Near the end of this path is a stone building. It was used as a Dame School, the forerunner of today's nursery schools. It was noted in the school logbook in 1876 that children were admitted from here to the then new Church of England ('National') School. This Dame school took children at an early age where a "woman of good character" who was paid a very small salary by a local charity gave them a rudimentary education. It is likely that the school carried on for some time after the opening of the National School as a report from the Her Majesty's Inspector in 1889 noted that 'children must attend the National School and not the free infants school' Later it was used as a Reading Room attached to the church but now it is a private dwelling.

Continue on this path until it comes out on to Towcester Road opposite St. Bartholomew's church.

 
 

 

The Village Church

Parts of the church can be traced back to about 650 A.D. 

 

 

Cross the road and turn left down the hill

 

The Chantry

On your left is "The Chantry House", a nineteen-century house built on the site of one of the oldest houses in the village dating from 1496. Matilda Greene built the original house for six priests to pray for the dead.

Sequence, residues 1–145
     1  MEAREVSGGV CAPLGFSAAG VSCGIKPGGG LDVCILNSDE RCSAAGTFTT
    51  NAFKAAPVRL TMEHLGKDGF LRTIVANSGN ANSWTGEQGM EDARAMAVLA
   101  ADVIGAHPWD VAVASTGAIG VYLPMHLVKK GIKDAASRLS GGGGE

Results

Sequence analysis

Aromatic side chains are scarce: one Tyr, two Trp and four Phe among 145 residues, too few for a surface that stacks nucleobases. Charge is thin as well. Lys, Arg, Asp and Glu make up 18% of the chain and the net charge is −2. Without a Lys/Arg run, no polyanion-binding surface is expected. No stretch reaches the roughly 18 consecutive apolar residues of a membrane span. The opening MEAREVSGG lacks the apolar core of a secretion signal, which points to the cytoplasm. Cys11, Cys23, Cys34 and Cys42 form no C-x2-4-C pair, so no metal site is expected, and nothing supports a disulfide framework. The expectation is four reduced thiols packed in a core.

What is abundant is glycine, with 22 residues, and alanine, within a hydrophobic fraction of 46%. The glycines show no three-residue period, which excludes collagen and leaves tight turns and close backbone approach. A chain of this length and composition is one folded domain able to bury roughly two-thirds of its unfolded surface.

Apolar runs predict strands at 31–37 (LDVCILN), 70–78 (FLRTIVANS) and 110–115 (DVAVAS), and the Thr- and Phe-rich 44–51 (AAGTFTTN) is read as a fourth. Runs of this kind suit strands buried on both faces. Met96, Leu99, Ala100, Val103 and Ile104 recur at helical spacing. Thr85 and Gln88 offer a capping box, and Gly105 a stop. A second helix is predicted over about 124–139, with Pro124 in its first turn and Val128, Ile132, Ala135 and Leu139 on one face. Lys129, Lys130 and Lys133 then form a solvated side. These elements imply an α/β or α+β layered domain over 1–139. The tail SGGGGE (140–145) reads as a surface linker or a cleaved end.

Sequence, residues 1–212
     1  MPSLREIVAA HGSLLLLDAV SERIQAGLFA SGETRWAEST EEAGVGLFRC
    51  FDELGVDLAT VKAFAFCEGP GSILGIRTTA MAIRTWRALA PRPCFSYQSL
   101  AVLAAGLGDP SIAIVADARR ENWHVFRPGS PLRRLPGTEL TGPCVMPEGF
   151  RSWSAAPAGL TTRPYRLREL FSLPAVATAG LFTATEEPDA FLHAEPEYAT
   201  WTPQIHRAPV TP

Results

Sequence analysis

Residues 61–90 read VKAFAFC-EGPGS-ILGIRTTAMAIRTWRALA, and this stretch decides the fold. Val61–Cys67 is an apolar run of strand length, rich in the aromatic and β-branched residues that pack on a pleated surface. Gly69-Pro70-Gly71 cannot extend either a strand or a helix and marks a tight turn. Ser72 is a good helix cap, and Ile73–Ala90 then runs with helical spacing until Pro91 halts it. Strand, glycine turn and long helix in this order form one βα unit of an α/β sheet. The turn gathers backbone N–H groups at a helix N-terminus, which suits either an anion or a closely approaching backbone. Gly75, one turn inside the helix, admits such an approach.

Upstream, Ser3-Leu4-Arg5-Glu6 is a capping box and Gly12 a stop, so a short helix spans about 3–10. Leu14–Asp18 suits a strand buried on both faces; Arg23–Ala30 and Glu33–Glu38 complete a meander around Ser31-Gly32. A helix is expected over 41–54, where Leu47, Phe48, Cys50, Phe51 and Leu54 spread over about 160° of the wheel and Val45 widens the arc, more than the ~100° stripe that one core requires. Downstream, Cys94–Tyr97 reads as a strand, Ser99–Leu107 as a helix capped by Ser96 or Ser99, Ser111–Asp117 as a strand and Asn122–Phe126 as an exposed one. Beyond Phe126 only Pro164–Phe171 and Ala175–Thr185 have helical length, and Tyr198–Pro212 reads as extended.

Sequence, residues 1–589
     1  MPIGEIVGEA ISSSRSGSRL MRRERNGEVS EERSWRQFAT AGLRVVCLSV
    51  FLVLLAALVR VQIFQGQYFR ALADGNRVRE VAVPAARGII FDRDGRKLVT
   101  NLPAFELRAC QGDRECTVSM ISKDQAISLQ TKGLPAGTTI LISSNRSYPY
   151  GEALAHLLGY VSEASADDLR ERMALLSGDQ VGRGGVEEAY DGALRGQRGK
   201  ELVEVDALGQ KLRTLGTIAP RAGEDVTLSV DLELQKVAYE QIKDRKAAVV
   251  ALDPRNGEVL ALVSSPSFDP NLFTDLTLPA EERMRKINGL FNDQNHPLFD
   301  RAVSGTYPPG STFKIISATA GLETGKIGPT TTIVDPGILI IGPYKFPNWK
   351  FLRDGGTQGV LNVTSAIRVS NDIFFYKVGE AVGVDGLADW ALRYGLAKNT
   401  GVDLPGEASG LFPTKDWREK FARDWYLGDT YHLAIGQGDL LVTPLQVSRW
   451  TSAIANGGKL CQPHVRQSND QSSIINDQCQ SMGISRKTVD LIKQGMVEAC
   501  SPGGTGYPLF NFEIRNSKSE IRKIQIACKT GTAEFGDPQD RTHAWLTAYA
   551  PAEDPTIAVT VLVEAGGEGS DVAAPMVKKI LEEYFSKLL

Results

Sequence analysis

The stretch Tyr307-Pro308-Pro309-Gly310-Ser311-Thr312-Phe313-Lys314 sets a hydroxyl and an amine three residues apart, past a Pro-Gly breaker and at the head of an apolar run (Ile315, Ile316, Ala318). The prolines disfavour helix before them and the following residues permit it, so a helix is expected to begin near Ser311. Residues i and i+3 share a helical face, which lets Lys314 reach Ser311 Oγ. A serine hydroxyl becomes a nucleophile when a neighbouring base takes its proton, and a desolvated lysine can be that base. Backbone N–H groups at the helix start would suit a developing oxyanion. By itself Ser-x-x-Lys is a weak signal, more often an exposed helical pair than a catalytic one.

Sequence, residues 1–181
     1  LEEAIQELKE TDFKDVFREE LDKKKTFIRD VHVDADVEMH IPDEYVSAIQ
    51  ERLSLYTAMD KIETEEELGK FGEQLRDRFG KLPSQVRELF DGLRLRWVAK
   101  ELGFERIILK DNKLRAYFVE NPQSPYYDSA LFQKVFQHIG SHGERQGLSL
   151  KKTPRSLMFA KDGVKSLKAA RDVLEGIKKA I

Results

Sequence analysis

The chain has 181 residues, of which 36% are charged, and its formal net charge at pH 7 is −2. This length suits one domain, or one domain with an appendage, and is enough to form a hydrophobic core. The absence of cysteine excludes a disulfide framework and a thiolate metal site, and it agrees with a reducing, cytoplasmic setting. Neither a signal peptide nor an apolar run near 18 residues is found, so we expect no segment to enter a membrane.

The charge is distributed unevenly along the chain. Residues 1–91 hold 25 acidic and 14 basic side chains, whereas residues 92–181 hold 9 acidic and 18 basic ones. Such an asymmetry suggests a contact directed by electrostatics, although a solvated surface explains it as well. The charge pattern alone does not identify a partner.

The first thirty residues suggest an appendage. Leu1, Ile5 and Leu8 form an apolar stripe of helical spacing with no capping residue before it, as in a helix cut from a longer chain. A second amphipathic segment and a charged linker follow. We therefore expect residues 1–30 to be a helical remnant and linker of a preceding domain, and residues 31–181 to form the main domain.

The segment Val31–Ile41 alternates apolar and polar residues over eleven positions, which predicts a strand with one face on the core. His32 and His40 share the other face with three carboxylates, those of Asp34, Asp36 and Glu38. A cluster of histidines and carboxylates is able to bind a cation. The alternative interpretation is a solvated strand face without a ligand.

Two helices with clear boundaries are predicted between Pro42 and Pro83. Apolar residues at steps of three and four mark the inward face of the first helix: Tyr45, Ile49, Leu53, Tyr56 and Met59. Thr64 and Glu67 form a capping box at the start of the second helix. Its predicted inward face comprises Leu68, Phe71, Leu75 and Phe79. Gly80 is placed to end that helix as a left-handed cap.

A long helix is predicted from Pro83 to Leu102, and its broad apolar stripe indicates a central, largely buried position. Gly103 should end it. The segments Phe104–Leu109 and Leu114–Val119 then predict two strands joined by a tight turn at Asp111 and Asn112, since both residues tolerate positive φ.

Turn right into New Road - so called because it was constructed across the village green in the (19th?) century. The land between it and the "Butchers Arms" was then built upon. Half way down New Road on the right outside number one is the outfall from the village reservoir.

 

At the end of New Road turn right and go up Blakesley Hill. About 200 metres past the last house in the village turn left into Paul's Leys.

This offers excellent views across the surrounding countryside particularly to the south.

At the end of this road carry straight on to the bottom of the hill towards Bradden.

Before the road crosses the bridge over the River Tove, there is a house called "Kingthorn Mill". The house is modern but there was a mill sited on the road adjacent to the present bridge presumably for easy access by carts. The mill was powered by the river.